George has to stay at home with Grandpa because Flora has spots all over. This is a golden opportunity for Grandpa to tell George where all the things he eats and all the things used around the house and in the garden come from. So, for example, young listeners or readers learn that liquorice comes from France, rope from Tanzania and the hairy-coated coconuts from which doormats are made come from hot, wet places like India. There are two kinds of text: on the left hand pages we have the story of George’s day with lots of lively dialogue; and on the right there are fact boxes providing clear information about each object and food item. The illustrations – bright collages of drawings and photographs – are most appealing. Globes appear on each double spread and a map shows clearly where each product comes from. This would be a good focus for talking about all the things in the book. I do think – and this is a small quibble – that it would have been helpful to have had some legible labels on the many food packages and other items to support children’s experience of environmental print. This book would help five- to seven-year-olds with early geographical concepts and thematic work on food. It would also be an enjoyable book for adult and child to share at home.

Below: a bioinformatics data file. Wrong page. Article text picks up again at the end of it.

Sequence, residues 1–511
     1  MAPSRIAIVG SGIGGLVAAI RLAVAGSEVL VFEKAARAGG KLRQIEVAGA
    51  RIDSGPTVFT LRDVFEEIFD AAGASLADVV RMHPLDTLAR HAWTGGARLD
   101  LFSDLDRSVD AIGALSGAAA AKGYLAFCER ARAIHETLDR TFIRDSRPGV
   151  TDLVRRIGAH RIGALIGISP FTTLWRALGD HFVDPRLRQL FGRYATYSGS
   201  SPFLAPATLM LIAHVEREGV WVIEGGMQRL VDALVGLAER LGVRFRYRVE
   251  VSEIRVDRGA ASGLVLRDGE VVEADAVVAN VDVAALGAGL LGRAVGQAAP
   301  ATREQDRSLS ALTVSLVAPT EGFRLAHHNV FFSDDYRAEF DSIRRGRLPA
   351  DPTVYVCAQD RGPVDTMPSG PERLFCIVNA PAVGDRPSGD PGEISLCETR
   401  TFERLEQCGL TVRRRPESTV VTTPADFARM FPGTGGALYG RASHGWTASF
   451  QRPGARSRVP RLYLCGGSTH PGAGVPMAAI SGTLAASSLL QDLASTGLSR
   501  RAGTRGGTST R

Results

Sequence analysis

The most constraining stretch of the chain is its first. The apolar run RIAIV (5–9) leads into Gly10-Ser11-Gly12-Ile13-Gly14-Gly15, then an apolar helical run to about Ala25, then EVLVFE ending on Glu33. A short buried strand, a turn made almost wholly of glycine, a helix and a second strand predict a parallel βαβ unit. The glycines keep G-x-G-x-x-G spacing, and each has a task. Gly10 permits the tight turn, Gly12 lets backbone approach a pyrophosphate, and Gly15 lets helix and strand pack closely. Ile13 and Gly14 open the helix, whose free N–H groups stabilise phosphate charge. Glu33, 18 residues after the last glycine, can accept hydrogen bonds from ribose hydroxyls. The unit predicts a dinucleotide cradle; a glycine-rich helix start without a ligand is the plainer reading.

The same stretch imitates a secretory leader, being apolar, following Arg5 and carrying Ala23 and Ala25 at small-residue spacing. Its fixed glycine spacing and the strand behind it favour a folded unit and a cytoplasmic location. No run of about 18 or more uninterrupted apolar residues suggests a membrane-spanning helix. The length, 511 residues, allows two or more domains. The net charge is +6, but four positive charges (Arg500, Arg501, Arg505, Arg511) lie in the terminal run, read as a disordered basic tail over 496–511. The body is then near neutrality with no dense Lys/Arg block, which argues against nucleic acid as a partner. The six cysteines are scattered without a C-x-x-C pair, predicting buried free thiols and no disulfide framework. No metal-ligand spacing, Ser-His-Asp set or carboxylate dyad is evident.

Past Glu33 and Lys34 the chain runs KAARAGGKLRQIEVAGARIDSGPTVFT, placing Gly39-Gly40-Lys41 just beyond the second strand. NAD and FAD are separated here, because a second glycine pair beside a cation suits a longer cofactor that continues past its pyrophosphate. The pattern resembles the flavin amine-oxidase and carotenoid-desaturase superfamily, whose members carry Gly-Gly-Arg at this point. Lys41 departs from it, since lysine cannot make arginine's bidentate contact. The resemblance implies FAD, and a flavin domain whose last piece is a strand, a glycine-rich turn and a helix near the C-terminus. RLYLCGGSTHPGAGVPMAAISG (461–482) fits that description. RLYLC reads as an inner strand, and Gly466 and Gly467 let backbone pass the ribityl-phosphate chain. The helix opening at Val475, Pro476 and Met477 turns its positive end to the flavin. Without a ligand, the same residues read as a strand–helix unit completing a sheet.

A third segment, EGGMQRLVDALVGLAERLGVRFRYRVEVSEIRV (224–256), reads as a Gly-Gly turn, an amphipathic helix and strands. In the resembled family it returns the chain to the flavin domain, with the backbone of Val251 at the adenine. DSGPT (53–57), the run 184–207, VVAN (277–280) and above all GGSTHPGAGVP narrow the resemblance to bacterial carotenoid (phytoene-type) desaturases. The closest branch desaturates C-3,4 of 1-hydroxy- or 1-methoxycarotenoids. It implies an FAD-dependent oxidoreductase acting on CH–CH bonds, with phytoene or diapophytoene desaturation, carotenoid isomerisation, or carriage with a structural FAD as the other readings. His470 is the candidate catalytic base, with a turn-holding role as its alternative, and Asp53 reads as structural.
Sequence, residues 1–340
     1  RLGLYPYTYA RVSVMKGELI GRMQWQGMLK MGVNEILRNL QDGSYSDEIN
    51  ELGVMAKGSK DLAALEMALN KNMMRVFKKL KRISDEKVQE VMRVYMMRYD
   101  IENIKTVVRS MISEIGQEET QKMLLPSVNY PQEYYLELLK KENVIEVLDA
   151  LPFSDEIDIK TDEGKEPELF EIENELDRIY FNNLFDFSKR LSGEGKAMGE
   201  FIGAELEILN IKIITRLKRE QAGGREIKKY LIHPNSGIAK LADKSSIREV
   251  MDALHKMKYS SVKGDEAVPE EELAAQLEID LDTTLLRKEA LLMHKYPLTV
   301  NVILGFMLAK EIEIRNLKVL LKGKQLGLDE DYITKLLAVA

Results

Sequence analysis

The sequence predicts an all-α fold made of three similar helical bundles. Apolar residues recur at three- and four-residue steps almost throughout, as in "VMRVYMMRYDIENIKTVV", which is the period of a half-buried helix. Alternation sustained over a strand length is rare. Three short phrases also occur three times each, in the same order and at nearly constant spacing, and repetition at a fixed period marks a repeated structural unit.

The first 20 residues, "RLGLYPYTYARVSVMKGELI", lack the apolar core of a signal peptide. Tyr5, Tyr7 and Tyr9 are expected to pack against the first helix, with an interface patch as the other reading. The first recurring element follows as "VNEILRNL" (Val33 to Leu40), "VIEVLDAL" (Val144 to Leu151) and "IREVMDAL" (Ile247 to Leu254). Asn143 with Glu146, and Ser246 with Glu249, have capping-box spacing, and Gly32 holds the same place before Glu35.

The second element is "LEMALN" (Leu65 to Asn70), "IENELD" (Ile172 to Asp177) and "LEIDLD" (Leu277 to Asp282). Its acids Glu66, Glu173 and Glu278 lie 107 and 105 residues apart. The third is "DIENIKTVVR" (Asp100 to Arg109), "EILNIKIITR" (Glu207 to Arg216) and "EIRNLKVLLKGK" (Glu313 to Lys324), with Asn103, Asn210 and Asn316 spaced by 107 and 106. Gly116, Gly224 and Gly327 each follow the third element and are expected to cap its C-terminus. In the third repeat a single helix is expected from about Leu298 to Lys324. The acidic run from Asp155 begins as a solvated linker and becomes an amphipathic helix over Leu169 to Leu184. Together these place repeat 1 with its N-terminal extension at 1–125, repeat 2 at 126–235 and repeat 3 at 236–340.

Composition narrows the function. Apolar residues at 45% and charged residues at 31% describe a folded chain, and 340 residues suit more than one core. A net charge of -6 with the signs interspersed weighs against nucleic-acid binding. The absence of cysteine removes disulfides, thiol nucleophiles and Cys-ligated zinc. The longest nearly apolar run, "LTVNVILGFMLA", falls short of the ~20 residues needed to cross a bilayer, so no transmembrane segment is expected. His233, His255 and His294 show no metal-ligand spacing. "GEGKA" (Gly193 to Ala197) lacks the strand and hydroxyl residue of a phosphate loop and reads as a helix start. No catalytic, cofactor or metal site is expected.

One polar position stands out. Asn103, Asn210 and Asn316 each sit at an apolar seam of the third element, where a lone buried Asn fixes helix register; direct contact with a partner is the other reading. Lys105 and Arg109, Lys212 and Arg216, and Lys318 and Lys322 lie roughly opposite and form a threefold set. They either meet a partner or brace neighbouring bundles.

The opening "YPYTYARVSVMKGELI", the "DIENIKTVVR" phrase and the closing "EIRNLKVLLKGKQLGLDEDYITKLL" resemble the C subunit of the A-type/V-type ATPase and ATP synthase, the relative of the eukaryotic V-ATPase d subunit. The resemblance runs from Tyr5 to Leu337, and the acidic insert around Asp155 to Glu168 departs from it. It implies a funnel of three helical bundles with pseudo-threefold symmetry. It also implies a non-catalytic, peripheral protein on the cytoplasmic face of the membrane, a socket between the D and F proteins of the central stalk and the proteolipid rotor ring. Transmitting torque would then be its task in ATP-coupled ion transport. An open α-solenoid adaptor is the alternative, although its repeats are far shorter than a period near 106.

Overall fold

http://booksforkeeps.co.uk/wp-content/uploads/2020/12/bfklogo.png 0 0 Angie Hill http://booksforkeeps.co.uk/wp-content/uploads/2020/12/bfklogo.png Angie Hill2003-01-01 17:43:142023-09-27 17:49:32The World Came to My Place Today
Illustrator: Ley Honor Roberts